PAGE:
Horton, principal and founder at Memphis-based creative firm Hieroglyph, wants to bring national talent to Memphis to help the creative community grow, network and learn from each other. The second Creative Works Conference is Oct. 1-3 and will feature a group of talented design professionals from as far away as the Netherlands, Vancouver and New Hampshire and as close as Nashville.
The conference celebrates the role of creatives in the community, while providing an outlet to come together to learn and take action.
Conference attendees will learn from design peers during workshops and breakout sessions, while getting a heavy dose of networking opportunities. A marketplace will feature designers and vendors selling goods in a farmers’ market atmosphere. There will be six speakers per day followed by evening events.
Tickets are sold out. Horton said the mix is about 60 percent Memphians, and that’s important in helping the local design community form new relationships.
Matt Lehman is a Nashville-based designer, illustrator and art director who was a speaker at last year’s inaugural event. He said he regularly attends events like Creative Works in part for the valuable networking opportunities. But he said he was impressed by the “Memphis feel” of last year’s event.
“The aspect that Memphis is a big part of it is appealing,” he said. “That’s probably weird coming from a Nashville guy but there is an emphasis on making your own community better. How do you improve the daily lives of your clients and your city? I think Memphis has had its ups and downs and it’s scoffed at in some circles. If you want to be someone the feeling is you have to move to New York, Austin or Portland.
“But what Josh has done is let’s focus on Memphis and show you how we’re making strides in our own community and have professionals learn and give back to the city. That was an interesting concept.”
The conference will be at venues across the South Main Historic Arts District, including Central Station and Emerge Memphis. Doug Carpenter, principal at doug carpenter & associates, encouraged his employees to attend the conference. He also wanted to be involved by hosting one of the after-parties at the firm’s South Main office, 431 S. Main St.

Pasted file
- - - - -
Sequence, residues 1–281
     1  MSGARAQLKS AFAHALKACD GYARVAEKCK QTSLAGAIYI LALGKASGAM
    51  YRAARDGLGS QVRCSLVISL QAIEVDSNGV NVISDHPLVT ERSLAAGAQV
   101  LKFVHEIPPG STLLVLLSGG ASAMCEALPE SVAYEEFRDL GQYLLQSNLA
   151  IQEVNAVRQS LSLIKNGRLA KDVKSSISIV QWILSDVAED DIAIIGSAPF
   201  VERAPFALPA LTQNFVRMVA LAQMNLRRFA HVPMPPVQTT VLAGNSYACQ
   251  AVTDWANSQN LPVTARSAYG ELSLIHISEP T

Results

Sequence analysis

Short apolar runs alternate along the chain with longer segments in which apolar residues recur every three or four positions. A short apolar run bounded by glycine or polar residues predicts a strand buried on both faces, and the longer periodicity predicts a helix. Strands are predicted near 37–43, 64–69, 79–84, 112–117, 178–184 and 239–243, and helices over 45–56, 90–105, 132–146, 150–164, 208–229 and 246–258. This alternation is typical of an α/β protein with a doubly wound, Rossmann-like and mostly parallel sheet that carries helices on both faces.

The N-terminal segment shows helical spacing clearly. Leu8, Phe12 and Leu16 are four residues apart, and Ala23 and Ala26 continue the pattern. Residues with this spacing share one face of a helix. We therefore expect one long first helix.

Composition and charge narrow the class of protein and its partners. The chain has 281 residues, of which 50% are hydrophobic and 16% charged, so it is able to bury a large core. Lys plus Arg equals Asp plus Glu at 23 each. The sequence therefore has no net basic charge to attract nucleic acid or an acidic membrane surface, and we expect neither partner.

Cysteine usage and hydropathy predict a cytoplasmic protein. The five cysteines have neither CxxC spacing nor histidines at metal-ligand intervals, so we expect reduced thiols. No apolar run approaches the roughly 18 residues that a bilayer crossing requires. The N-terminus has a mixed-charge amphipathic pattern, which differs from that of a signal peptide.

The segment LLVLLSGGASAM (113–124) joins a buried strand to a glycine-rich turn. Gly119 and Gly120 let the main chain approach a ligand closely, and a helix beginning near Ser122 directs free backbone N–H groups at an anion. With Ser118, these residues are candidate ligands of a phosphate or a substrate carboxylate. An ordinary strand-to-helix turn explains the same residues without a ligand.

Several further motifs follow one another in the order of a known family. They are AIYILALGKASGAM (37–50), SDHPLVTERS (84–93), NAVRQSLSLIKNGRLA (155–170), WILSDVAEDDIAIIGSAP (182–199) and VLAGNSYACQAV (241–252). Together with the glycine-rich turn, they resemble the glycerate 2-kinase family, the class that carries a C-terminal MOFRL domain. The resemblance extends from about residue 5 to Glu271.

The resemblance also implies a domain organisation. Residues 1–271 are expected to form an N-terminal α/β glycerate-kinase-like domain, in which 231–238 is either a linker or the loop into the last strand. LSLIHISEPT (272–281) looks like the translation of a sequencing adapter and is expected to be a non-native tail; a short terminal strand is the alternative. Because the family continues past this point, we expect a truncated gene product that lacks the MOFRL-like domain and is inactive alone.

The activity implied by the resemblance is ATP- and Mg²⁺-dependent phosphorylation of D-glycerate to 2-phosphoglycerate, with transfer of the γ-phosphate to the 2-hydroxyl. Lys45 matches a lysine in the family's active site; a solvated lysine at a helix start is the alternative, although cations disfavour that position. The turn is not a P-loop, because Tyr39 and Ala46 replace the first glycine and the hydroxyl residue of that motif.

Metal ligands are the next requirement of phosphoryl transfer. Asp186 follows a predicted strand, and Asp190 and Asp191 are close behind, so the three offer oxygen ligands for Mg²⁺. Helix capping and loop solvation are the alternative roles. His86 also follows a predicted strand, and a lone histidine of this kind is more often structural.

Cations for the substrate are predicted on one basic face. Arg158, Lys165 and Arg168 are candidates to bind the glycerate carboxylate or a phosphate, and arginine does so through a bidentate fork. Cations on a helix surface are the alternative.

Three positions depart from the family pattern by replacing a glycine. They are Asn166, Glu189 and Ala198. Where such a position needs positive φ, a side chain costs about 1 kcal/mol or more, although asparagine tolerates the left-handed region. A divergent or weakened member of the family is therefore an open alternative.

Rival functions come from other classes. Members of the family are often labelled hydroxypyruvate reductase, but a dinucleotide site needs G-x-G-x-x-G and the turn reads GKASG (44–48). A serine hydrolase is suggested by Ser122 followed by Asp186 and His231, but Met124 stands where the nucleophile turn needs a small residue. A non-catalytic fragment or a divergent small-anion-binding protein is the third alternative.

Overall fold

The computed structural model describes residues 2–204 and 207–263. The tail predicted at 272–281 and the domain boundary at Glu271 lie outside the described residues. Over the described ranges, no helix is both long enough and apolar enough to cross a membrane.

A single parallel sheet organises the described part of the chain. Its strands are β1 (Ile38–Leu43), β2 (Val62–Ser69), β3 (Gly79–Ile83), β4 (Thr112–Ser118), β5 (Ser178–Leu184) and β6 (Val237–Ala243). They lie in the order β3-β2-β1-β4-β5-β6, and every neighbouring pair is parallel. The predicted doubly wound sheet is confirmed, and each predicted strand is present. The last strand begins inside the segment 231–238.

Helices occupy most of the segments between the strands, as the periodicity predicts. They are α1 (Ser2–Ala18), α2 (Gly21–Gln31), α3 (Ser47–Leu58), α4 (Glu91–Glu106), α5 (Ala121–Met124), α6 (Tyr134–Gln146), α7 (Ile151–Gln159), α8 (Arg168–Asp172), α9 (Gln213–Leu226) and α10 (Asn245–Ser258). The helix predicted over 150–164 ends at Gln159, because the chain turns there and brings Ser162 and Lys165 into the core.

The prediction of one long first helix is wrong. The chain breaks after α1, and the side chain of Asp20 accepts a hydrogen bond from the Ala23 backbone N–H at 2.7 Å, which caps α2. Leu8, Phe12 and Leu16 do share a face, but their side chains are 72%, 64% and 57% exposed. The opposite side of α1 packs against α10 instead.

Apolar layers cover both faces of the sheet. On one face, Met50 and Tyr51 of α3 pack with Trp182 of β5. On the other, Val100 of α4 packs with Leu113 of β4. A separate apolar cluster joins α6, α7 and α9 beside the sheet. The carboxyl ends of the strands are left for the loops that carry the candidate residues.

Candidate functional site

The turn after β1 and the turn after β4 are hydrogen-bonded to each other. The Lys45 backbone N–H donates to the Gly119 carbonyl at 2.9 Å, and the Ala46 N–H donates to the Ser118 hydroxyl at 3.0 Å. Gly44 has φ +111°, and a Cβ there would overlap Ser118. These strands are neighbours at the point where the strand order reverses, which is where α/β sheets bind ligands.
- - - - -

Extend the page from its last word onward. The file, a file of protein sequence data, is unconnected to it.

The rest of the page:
The event will have plenty of food and local beer, a deejay playing Stax music and an art exhibition featuring Tom Carlson’s ink drawings and commentary on current and former Memphis buildings. Yes, it will be pure Memphis, and Carpenter said he wants to help spread the message.
“People who visit Memphis find it to be remarkable,” he said. “From a civic advancement perspective, the fact we’ll have these folks come from other markets to see us and go back and share it, for that perspective I love it. And for the local creative market it’s fantastic that the city is a draw and that Josh puts the energy in to bring other creatives who can challenge the status quo and get them here to be part of a larger conversation – we can bond together a bit more.”
Horton said it was important last year to have an event that was intimate and felt authentic. The intent is to keep it informal, even though it is something he feels could happen just as easily in Austin, Portland, Seattle or even Nashville. But it’s important that the focus is on creating a community and discovering new talents in Memphis.